I am my parents’ “American Dream.” My parents brought me to the United States from El Salvador when I was 5. I was upset that my parents took me to an unknown place, where kids taunted me for my accent and laughed when I didn’t understand.
In elementary school, I struggled to learn English. But once I became fluent, I felt superior to my parents. I became frustrated with them for not being like the parents I saw on TV.
When I had to translate at the supermarket, or at parent-teacher conferences, I felt embarrassed and burdened by my family. One day, my aunt asked me what a word meant. I snapped at her, “Why don’t you just learn English?”
I watched as the light left her face. At that moment, I realized the impact of my words. In my effort to assimilate, I was no longer a person I liked. I’d suppressed my roots and become ashamed of my family.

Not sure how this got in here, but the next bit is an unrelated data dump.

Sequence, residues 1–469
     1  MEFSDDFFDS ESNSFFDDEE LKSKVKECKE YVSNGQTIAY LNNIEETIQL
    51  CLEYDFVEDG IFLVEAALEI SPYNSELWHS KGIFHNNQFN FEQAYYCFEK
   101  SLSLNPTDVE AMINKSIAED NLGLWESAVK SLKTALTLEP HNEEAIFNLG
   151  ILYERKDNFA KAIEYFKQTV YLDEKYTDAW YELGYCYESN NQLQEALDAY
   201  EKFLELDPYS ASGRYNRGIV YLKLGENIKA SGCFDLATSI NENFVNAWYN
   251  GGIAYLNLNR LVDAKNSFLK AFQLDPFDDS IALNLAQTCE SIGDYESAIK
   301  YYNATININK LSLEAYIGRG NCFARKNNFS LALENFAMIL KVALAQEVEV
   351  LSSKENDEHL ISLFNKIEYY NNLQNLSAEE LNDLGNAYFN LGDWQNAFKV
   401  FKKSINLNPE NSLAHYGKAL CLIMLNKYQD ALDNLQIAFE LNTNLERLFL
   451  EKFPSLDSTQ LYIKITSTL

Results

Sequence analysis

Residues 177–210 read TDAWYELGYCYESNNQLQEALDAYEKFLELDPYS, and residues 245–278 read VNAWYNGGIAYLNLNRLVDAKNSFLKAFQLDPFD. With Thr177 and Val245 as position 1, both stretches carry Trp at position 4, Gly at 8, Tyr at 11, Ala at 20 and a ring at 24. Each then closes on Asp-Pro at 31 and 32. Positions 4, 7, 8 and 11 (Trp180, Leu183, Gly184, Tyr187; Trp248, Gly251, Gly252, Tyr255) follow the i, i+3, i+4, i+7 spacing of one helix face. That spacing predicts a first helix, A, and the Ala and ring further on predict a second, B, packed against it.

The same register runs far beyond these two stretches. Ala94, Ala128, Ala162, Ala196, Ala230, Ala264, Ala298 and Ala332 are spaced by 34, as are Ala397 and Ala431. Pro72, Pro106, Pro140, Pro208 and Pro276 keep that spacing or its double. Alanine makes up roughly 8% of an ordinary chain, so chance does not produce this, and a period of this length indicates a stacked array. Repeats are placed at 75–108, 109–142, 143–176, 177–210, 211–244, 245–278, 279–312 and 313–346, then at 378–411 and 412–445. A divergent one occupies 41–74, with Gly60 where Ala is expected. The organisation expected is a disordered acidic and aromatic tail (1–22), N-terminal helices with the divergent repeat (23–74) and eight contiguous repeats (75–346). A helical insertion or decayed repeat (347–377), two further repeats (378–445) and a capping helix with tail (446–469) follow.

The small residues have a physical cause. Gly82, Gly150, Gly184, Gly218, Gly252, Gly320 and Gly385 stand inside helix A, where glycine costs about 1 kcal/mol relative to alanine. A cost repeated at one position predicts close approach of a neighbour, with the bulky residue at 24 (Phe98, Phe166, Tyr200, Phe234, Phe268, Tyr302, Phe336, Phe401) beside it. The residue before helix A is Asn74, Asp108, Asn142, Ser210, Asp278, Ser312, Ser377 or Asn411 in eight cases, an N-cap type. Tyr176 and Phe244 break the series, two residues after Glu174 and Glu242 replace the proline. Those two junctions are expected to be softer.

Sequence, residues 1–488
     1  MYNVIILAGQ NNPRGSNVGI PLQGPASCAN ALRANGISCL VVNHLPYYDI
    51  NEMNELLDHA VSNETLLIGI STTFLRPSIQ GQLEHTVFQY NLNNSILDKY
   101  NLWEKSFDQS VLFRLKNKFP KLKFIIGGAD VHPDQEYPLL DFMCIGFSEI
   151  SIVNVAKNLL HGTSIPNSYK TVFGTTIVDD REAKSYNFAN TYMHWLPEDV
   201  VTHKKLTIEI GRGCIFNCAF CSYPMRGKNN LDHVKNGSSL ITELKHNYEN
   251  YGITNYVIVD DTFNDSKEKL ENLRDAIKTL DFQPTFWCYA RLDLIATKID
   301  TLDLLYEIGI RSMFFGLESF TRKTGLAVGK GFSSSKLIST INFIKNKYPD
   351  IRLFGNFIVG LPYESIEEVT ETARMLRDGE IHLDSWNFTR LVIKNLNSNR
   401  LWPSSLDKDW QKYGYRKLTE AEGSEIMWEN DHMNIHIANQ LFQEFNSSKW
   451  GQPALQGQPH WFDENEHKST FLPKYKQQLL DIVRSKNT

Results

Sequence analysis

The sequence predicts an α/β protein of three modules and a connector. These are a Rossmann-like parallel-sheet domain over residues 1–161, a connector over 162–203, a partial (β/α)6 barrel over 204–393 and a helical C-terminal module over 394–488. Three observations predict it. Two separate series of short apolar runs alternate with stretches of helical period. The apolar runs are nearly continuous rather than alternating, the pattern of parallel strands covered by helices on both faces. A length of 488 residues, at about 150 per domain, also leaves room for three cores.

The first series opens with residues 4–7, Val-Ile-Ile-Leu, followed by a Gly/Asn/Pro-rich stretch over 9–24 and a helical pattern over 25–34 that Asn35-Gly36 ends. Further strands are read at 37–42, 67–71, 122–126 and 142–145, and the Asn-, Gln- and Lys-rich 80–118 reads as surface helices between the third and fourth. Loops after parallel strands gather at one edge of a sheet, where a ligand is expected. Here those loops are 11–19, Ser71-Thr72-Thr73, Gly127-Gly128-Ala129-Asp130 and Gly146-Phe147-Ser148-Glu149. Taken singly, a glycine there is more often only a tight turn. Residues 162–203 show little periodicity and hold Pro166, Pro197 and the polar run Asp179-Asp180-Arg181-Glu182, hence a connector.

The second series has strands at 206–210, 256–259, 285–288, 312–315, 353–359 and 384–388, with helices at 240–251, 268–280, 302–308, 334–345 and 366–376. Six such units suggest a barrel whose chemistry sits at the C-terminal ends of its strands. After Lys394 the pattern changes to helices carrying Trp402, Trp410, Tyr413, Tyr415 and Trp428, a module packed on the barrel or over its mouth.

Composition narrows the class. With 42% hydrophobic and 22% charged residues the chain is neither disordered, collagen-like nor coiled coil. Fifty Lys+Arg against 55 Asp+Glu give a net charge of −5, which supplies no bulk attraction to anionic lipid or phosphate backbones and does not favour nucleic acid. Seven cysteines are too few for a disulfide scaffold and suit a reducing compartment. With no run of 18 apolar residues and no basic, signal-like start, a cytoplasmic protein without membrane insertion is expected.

In middle school, I learned about the treatment of immigrants in the U.S and the prejudice they–or, rather, we–faced. I saw how my parents were viewed as inferior because of their broken English and their humbled jobs.
Now, I realize that my mom and dad crossed borders for me. They left their home country behind to give me the “American Dream.” But, like other immigrants, they discovered that this dream is only attainable if you know English and have a solid education. My parents had neither. But they believed if I worked hard enough, I could achieve everything they dreamed of for me.
While my parents struggled, their radical love gave me the privilege to thrive in the country of opportunity. Now when they ask me to translate, I do it with patience and love. When someone asks what my parents do for a living, I answer with pride that my dad is a gardener and my mother is a housekeeper.
Today, I’m struggling to be the first in my family to go to college, in hopes of one day repaying even an ounce of all they’ve sacrificed for me.